As I progress with my fifth thriller and tie myself in knots with middle class angst about some my working class characters' attitudes, I'm quite attuned to our propensity to get things wrong. Getting it wrong doesn't mean you're necessarily prejudiced or bigoted. You could just be thoughtless. On the one hand, your characters need to speak and act freely to fulfil their literary destiny. You could even argue that the point where you cringe as you're writing is also the cut-off point where you step outside your boundaries and start to inhabit their perspective. On the other hand, frankly, you may need to think about where you're being authentic or just trying to be clever. 

I write jokes that occasionally find their way into live performance (and even less occasionally - like almost never - onto radio). It's so easy to offend a section of the populace without even meaning to. Not just bucking the trend or subverting the form but out and out pissing people off.

And speaking of 'out', something really interesting happened recently that illustrates not only how easy it is to get it wrong, but how that misfortune can occur even when it's a cause that matters dearly to you.

Pride in London went for 'humour' in its Love Happens Here marketing for London's Pride Festival (now running until 9th July). It missed the target by a wide margin and managed to offend the LGBTI community. In particular, the use of the word 'gay' as irony (that's my take on their motive) was subsequently considered misjudged after being interpreted as a pejorative term.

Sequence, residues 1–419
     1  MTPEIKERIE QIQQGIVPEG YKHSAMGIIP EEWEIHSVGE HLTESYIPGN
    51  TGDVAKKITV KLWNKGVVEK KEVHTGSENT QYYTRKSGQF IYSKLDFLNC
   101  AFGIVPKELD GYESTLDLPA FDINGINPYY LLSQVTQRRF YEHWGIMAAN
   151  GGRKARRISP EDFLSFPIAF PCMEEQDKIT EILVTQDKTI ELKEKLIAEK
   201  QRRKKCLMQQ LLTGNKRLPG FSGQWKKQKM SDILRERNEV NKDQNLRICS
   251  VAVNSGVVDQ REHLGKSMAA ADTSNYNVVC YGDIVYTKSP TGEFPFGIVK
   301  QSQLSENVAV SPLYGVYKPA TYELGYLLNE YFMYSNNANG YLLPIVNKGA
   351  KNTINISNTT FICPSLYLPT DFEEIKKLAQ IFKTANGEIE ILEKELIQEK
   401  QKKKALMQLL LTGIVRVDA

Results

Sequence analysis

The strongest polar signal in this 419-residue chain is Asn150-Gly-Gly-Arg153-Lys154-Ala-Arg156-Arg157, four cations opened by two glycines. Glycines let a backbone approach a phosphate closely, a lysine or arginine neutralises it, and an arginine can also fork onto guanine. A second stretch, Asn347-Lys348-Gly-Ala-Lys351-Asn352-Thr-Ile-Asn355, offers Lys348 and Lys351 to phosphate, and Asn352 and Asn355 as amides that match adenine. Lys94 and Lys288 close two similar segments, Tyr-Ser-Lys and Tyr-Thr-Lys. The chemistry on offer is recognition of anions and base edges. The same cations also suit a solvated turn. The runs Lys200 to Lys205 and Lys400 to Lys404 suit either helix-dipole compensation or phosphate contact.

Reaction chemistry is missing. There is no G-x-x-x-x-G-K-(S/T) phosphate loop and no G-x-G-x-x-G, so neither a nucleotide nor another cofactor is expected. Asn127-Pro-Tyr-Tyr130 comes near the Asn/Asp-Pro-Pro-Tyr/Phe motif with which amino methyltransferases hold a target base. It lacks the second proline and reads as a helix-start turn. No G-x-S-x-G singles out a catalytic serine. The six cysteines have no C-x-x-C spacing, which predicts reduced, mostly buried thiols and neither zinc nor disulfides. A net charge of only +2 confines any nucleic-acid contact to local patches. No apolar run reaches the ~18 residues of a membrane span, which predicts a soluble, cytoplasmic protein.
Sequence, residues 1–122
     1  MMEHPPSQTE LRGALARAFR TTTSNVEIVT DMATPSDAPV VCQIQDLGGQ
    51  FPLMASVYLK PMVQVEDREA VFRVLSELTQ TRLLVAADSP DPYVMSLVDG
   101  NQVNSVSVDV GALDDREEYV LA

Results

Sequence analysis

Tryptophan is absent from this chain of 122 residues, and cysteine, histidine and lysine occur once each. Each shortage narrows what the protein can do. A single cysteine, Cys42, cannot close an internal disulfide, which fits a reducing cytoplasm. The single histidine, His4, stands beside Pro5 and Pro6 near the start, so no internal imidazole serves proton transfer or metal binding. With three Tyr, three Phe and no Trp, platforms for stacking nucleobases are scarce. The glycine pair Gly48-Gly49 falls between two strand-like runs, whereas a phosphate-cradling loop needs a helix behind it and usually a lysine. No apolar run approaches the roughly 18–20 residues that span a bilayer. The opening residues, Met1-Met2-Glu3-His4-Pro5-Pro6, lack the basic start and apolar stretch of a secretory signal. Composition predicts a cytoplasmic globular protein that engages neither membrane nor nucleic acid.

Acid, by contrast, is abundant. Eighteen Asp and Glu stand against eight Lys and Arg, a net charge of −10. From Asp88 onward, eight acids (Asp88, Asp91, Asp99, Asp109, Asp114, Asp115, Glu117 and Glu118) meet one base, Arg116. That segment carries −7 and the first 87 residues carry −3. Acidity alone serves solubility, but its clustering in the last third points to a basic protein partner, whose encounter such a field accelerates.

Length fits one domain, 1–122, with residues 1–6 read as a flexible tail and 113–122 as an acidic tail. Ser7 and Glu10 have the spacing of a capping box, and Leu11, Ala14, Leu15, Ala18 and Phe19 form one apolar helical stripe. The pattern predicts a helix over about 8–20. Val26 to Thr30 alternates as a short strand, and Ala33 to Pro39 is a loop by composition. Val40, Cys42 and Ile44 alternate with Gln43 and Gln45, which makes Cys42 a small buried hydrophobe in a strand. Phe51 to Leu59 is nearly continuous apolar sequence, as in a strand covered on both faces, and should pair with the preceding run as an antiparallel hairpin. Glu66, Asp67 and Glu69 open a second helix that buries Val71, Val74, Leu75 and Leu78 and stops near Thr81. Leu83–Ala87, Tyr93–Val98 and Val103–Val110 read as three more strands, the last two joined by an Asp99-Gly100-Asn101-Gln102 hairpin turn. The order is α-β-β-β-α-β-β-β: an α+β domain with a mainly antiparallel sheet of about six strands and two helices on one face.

You can read about it here:

http://www.bbc.co.uk/news/uk-40446096

It's a reminder that words have power. Forget all that 'sticks and stones' nonsense. As an example, ask any child or adult who has been bullied and they will be able to vividly recount what was said and how it made them feel. 

We all have a responsibility for what we communicate and how we do it. Writers can and do walk that line between expression and censorship, and sometimes we cross it. It's our freedom to do that, but we have to accept that others may see that as a step too far. Unlike fiction, life can be messy and remain unresolved. In the above case, there's an added dimension, which is the impact on other people who might go on to use the words.



Have any writers out there ever misread the mood with a piece of writing? And if so how did you recover the situation, or did you let it stand?


Derek

Author of the Spy Chaser series, which so far has only managed to offend a few readers.*



UK: https://www.amazon.co.uk/Derek-Thompson/e/B0034ORY08

US: https://www.amazon.com/Derek-Thompson/e/B0034ORY08



* Swearing, a shower scene, violence, and - bizarrely - a lead character expressing too much emotion. 

Sunday, 25 June 2017

Music for Writing

I can hear music. Not just a brilliant track by The Beach Boys (and also nicely covered by The Ronettes), but also a statement of fact. Why? Because generally I write fiction to a musical backdrop. 

When I work on a novel I use different types of music to get into the mood of a scene. Classical music and jazz (especially Chet Baker) are favourites but sometimes an individual track will capture the essence of a moment, or complement a section of dialogue. As my Spy Chaser owes a debt to Raymond Chandler, I find anything with a noir feel to it opens that magic door to the active imagination.